We’ve spent a good chunk of our relationship apart, long-distance has prepared us well. We’re a damn good team together. There’s a light at the end of this 5-year tunnel. And I know, together we can make it through. There are statistics about surgical residents and marriages. They are bleak. But we won’t be a part of them, I can’t allow the possibility to enter my consciousness. And I understand what it means to be a doctor, a passionate one at that. It is not just a career, it is a lifestyle, a dedication. And I am unbelievably proud of Alex for taking on such a monumental task such as this, it is an incredible undertaking. Long ago, I decided medicine wasn’t right for me. I knew that my job could never be my life the way medicine rightfully demands. People’s lives are in your hands, it is not a light decision, and the training they need is substantial. I get it. I also knew I wanted kids, and the challenges presented to women in medicine in this regard, in the US in particular, were too much to consider. And I know if I had pursued medicine Alex and I would not be together. It is a simple fact we both recognize. I have never for a second regretted my decision. And in all things, I tend not to lament what wasn’t, or what we don’t currently have. It’s a fruitless endeavor, though residency will certainly test my resolve.

And so, I respect so much the desire and dedication it takes to become a doctor. And while I’ll miss him incredibly, especially the first two brutal years, I know it’s worth it. To have a career that fulfills you, the way medicine does for him is a rare gift. Seeing him light up when he talks about surgery helps to remove the constant doubt that plagues me. I know it’s worth every sacrifice we both make. And we are both sacrificing here, equally. And we are lucky; we have supportive and understanding families. We have each other. We will be OK. We’ve lived incredibly blessed, fulfilling, and adventure filled lives with no regrets. I constantly feel I’ve lived a life longer than 28, we’ve been extremely lucky. A few years removed, we can handle.  We are as prepared as we can be.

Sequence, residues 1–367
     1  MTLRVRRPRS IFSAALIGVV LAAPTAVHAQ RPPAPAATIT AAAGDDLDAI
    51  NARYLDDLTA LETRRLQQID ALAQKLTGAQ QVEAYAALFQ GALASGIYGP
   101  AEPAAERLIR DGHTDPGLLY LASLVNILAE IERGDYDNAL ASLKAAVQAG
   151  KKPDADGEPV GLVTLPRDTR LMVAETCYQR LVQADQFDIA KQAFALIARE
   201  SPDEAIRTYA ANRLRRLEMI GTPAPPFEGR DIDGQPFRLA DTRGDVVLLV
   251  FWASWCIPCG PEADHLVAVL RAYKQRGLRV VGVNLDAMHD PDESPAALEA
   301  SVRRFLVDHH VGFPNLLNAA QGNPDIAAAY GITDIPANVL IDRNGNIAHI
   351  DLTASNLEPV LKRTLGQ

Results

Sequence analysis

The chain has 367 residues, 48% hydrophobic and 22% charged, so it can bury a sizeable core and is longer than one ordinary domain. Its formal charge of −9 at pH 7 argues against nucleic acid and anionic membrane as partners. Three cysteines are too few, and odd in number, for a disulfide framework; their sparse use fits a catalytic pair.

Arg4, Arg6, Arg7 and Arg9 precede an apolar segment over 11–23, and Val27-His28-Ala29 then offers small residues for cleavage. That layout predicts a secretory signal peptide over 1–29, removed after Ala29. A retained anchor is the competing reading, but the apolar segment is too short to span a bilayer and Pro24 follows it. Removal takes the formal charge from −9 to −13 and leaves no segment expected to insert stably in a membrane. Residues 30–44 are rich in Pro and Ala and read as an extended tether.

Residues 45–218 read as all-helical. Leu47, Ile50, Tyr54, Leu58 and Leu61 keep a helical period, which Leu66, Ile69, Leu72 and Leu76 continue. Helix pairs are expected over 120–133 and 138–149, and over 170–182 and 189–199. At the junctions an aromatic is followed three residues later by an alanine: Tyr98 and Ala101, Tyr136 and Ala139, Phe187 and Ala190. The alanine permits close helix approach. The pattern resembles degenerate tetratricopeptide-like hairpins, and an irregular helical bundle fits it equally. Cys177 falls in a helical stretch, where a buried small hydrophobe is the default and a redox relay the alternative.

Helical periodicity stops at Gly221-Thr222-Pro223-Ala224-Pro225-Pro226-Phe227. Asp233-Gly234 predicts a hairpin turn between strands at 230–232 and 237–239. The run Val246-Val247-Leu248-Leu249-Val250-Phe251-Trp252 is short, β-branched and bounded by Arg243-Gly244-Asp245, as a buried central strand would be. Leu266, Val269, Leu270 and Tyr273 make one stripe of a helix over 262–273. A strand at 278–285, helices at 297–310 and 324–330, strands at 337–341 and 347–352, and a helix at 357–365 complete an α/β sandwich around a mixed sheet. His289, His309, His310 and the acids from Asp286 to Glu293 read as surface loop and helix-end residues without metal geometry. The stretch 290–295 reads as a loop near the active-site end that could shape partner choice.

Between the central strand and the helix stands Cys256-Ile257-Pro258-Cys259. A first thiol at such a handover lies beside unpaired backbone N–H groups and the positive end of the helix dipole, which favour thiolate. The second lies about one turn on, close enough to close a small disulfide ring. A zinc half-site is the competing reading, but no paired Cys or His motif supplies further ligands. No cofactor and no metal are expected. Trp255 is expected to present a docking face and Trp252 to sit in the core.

I wanted to write this, to have it out in the universe for when it gets hard, as it will. To remember why we’re doing this. To remember to fight for our relationship, because it’s the greatest gift I’ve ever received in this life. To be thankful that as two independent people, we have the individual strength to withstand these years, paired with a solid partnership and support network. To remember it could be worse. It can always be worse. Residency will change our relationship. It has to. But I think it’ll make it stronger. I think it will make us appreciate each other more, and everything the other does to make this life of ours work. To relish in the limited time we do get together, and be present for those moments. And to be thankful, for this opportunity, and for each other. Both are rare in this life. And I’m glad this didn’t happen when we were younger, that Alex took three years for grad school/ travel. I don’t know how the younger version of ourselves would have handled this, though I imagine with less grace.

So while I’m not loving these rotations, and the fear they bring with them, I’m thankful for a taste of it so when it does happen next July for real, it won’t be as much of a system shock.

But we’re not there yet! We still have one year of medical school left, with exciting trips and adventures in the works and we’re going to soak up the time together. But there you go universe, and future selves. It’s going to be OK!